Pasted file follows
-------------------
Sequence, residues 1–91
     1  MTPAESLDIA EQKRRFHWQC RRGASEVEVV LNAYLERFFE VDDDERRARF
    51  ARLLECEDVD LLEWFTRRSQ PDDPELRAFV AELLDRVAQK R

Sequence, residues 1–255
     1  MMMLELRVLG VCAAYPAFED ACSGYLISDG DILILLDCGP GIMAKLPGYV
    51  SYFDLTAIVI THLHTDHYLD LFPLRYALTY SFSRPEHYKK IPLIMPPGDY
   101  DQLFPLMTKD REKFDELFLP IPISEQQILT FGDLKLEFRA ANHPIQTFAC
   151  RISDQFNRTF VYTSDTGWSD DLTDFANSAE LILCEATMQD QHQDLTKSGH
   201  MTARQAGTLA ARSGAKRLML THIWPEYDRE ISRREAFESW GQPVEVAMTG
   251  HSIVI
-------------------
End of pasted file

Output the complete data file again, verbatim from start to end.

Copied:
Sequence, residues 1–91
     1  MTPAESLDIA EQKRRFHWQC RRGASEVEVV LNAYLERFFE VDDDERRARF
    51  ARLLECEDVD LLEWFTRRSQ PDDPELRAFV AELLDRVAQK R

Sequence, residues 1–255
     1  MMMLELRVLG VCAAYPAFED ACSGYLISDG DILILLDCGP GIMAKLPGYV
    51  SYFDLTAIVI THLHTDHYLD LFPLRYALTY SFSRPEHYKK IPLIMPPGDY
   101  DQLFPLMTKD REKFDELFLP IPISEQQILT FGDLKLEFRA ANHPIQTFAC
   151  RISDQFNRTF VYTSDTGWSD DLTDFANSAE LILCEATMQD QHQDLTKSGH
   201  MTARQAGTLA ARSGAKRLML THIWPEYDRE ISRREAFESW GQPVEVAMTG
   251  HSIVI